Chronic pain isn’t something that always goes away when you’re trying to get a good night’s sleep, especially if you’re being treated by a Los Angeles spine surgeon for pain related to your spine or your pain radiates from other parts that tend to move as you attempt to catch some sleep. Muscle-related chronic discomfort can be just as disruptive. According to one estimate, 65 percent of patients who have some type of chronic pain also have sleep disorders that may involve repeated sleep interruptions and nonrestorative sleep. Does chronic pain cause insomnia, or is it the other way around?
The Answer Is Undetermined
One study suggests being regularly interrupted while sleeping increases susceptibility to pain. Researchers speculate this is because of the way the body’s natural internal systems are altered. Normally, deeper stages of sleep contribute to the natural healing process. The theory is that it may be more difficult for the body to control pain if normal sleep patterns are repeatedly disrupted.
Results from a Sleep Deprivation/Recovery Study
Specifically, researchers attempted to find some answers by studying 32 women over a one-week period. A control group was permitted to go to sleep as they usually do. Some of the women were awakened several times during the night. The last group went to bed later than the usual time. Toward the end of the study, two of the groups went without sleep for 36 hours, which was followed by nearly 12 hours of recovery sleep.
Researchers tested the pain thresholds of the subjects. The women who were repeatedly awakened showed an increase in spontaneous pain. However, the women in the groups that weren’t awakened didn’t show any noticeable increases in pain, which suggests interrupted sleep affects the body’s internal pain control regulation. It’s believed that these internal mechanisms play a role in how well pain is tolerated and how it’s experienced.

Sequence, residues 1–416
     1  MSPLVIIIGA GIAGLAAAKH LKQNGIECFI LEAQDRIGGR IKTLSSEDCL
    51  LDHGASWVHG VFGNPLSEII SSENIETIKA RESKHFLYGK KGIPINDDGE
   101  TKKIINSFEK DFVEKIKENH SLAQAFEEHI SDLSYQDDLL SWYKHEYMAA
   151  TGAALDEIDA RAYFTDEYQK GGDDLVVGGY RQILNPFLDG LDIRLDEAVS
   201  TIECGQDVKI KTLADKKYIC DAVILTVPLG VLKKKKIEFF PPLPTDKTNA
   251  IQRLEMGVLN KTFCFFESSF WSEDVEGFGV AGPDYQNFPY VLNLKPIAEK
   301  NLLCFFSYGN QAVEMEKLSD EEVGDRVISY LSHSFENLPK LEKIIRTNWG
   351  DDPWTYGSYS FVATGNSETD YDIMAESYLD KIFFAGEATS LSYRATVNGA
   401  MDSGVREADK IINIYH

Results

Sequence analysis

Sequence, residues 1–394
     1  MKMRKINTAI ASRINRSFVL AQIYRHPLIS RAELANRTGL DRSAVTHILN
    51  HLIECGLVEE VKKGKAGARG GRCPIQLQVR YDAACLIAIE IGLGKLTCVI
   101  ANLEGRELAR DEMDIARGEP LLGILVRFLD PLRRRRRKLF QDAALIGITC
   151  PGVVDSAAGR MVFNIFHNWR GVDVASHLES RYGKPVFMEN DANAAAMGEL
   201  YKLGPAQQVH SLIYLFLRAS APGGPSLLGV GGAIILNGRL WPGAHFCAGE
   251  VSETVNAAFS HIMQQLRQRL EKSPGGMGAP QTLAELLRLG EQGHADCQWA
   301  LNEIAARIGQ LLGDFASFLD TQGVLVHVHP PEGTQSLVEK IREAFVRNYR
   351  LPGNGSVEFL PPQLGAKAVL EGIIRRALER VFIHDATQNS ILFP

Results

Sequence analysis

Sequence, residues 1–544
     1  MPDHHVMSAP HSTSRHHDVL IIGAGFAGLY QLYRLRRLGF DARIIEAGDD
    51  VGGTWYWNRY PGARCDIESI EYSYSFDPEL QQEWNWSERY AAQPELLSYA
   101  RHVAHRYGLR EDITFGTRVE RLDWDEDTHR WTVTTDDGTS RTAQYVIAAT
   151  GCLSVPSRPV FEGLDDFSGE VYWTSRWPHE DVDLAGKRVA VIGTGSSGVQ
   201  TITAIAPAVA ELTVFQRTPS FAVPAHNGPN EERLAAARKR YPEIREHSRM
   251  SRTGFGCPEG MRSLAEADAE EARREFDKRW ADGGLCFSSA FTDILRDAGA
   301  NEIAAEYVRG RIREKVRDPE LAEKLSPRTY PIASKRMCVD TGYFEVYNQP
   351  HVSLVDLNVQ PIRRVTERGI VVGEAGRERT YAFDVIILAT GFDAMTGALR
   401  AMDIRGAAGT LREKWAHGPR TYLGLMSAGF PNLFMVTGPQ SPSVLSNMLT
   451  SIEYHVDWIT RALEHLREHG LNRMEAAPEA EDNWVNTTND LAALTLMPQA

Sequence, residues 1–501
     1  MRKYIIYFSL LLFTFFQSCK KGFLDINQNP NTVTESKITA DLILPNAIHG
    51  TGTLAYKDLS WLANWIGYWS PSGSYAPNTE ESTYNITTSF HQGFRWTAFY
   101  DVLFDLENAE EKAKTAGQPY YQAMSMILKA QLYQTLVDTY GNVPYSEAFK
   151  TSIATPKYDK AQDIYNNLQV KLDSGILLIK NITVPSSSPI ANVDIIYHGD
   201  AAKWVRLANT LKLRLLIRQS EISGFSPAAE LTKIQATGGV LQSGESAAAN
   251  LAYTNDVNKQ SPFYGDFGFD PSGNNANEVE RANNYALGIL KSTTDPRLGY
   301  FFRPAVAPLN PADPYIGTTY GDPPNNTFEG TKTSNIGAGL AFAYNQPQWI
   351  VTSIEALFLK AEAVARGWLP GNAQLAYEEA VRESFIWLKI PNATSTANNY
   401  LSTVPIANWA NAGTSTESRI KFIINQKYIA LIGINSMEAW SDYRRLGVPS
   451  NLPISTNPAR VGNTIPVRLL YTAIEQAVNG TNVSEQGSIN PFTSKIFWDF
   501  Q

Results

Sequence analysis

Increasing Your Odds of Benefiting from Undisturbed Sleep
The conclusion from this study is that continuous, undisturbed sleep can help with the management of chronic pain. As for how you can increase your odds of enjoying this type of sleep if you’re among the 100 million or so Americans living with some type of recurring pain, a good starting point is to make an effort to get your chronic pain under control during the hours you’re awake, which may involve a treatment plan that includes:
• Therapeutic massages
• Relaxation techniques to shift your mental focus
• Pain and anti-inflammatory medications
• Electrical stimulation therapy
• Injections directly into the affected area
It can also be helpful to sleep on a comfortable, supportive mattress and avoid certain foods and strenuous activities before bed that could contribute to an uptick in inflammation and soft tissue stress. Another step you can take when it comes to chronic pain that may be affecting your ability to stay asleep is to check in with your doctor. You may notice improvements in your ability to sleep if you get an accurate diagnosis of the source of your chronic pain. It’s just as important to provide honest feedback about how you’re responding to treatment efforts so appropriate adjustments can be made.
Some causes of spine pain can be treated with surgical procedures such as fusion procedures or alternatives to spinal fusion. Los Angeles residents who are experiencing chronic spinal pain should reach out to the experts at The Spine Institute for diagnosis and treatment. To talk to one of our friendly representatives and schedule an appointment, give us a call at 310-828-7757 today.